As National 5-A-Day Month is upon us, now is the perfect opportunity to kick-start the fall and winter off with a healthy focus and a new motivation to take your fruit and vegetable intake up a notch. If you feel overwhelmed by the thought of incorporating 5+ servings of fruits and vegetables into your daily diet, following is a list of five tips to make this as easy as possible.
Know What You’re Aiming For
It’s easier to accomplish a goal if you know what you’re aiming for, thus knowing what exactly quantifies as a serving is crucial. For starters, a serving itself is generally much smaller than you might think. Good examples include carrots: it takes just 12 baby carrots to get a serving in. 1 small apple is another. Other easy ways to get in a serving: 8 large strawberries, 2 large stalks of celery, 1 bell pepper or 2 large plums. And, if you want to break up your servings into half servings, it gets even more manageable. Consider these good options: 6 carrots, 1 snack container (4 oz) of applesauce, or just 16 grapes. If you ate 6 carrots with your morning snack and 6 more in the afternoon, that’s already one of your five out of the way.
The second part of accomplishing this is to be well planned. If you’ve planned where your fruits and veggies will appear in your meals throughout the day, there won’t be room to miss them. Try a week at a time for awhile. Organize your meals and snacks and include your fruits and veggies, something like:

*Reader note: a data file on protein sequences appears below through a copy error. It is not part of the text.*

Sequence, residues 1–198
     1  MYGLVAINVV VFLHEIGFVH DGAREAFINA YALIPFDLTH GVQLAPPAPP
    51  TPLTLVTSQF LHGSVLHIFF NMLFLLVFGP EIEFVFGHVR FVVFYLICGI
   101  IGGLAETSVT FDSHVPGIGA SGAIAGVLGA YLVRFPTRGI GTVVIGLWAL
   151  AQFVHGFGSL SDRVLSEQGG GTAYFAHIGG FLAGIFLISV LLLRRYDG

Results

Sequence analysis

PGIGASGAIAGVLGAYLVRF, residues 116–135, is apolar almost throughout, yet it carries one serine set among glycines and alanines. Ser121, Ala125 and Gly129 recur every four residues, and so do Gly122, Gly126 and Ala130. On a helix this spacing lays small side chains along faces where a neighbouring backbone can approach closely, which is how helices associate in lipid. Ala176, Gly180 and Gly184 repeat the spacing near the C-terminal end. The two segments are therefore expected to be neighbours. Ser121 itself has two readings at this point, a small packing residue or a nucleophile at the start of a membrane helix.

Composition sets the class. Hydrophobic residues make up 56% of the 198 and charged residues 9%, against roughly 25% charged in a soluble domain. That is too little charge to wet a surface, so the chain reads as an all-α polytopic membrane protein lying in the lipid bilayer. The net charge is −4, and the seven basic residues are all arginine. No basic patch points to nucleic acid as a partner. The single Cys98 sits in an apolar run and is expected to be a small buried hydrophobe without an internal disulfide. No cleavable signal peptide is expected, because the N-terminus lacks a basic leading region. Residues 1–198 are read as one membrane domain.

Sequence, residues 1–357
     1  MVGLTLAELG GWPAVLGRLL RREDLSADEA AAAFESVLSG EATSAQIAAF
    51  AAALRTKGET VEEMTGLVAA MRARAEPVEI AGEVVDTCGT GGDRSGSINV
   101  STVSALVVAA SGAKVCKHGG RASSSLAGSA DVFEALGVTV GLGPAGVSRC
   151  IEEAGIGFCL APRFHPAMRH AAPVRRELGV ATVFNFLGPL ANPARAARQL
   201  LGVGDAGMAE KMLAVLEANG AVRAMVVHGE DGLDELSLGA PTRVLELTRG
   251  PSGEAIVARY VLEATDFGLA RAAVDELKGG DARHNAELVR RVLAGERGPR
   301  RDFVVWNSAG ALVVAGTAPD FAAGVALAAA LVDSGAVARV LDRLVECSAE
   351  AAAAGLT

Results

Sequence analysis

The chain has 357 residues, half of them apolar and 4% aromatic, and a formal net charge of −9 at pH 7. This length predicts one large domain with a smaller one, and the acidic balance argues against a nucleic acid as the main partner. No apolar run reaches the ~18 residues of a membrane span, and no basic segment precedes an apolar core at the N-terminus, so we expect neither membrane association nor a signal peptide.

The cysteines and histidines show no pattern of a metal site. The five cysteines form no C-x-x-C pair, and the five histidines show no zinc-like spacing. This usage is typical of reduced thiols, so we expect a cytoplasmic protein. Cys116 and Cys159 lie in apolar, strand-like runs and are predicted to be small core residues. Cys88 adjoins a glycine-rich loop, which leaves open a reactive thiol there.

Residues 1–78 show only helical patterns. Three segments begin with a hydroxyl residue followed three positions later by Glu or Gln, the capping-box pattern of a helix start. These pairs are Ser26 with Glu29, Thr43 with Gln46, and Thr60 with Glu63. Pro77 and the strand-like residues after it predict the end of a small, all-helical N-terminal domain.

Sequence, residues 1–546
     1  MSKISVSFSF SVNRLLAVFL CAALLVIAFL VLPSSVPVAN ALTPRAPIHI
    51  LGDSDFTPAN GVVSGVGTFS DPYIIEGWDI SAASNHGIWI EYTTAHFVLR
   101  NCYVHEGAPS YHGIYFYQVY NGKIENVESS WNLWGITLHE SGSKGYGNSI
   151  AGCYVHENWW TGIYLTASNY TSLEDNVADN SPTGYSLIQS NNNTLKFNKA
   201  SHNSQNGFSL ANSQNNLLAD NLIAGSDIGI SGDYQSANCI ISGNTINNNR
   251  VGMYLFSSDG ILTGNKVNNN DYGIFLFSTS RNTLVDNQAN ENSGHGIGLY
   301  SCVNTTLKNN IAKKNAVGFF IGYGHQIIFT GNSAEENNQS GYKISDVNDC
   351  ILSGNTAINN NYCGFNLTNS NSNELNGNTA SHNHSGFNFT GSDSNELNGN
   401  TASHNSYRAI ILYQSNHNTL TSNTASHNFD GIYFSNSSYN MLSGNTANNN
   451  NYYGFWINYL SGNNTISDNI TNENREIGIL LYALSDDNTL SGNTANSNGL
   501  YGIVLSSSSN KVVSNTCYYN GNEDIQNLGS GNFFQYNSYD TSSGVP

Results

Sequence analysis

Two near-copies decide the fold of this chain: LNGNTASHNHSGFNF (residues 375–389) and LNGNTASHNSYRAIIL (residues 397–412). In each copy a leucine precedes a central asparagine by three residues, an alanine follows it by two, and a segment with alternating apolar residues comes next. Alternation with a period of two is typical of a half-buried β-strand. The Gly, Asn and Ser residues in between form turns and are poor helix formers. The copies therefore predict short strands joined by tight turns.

Breakfast: 1 cup oatmeal with 1 cup blueberries (Serving 1)
Mid-morning snack: 1 granola bar, 1 small apple (Serving 2)
Lunch: Grilled chicken, small salad, 12 carrots (Servings 3 and 4)
Mid afternoon snack: Free!
Dinner: Salmon, wild rice, ½ sweet potato, ½ cup green beans (Serving 5)
Preparation is Key
Having fruits and vegetables already prepared and ready to grab will transform your eating habits. A great way to start your week is with a fruit/veggie prep every Sunday. Wash and chop lettuce and store away in glass Tupperware. Then you can throw on some baby tomatoes, some grilled chicken and voila, lunch ready in 2 minutes! Prepare small snack size baggies with single servings of washed and sliced fruit and veggies. When it’s handy and convenient, it won’t even take effort or thought to fit them into your diet. You’ll be able to pull out a snack bag of raisins to fight that afternoon hunger attack and won’t have to think twice about the vending machine down the hall.
Always Aim for Variety
After awhile, plain carrots and single apples can get tedious and boring, and when that happens, you’ll be tempted to give it up. This makes variety in your selection key. Aim to eat as many different options as you can. Make it your goal to try two vegetables a week that you’ve never had until you exhaust your options. Don’t make a habit of eating the same things two days in a row. So, if you have carrots, apples, peaches and green beans today, don’t eat any of those tomorrow.
Explore New Ways to Eat & Enjoy
Finally, prepare and mix in fruits and veggies in new, exciting ways. Put some veggies in your morning omelet. Have a fruit smoothie for breakfast or a filling afternoon snack. Cook your vegetables different ways: grill/sauté/broil/steam/bake, etc. Grill your plums on the barbecue. Include vegetables into your meatloaf and applesauce into your muffins. Add extra helpings of vegetable to your chicken soup. Enjoy ice cream with warm blueberries for dessert. The options are endless, so have some fun with it!
About the Author
Freelance writer Jocelyn loves to write about healthy eating within the family. Her favorite thing to eat is whole wheat pancakes, which she often tops with peaches (and whipped topping, but don’t tell!). When not writing about food she writes for an online green home heater retailer.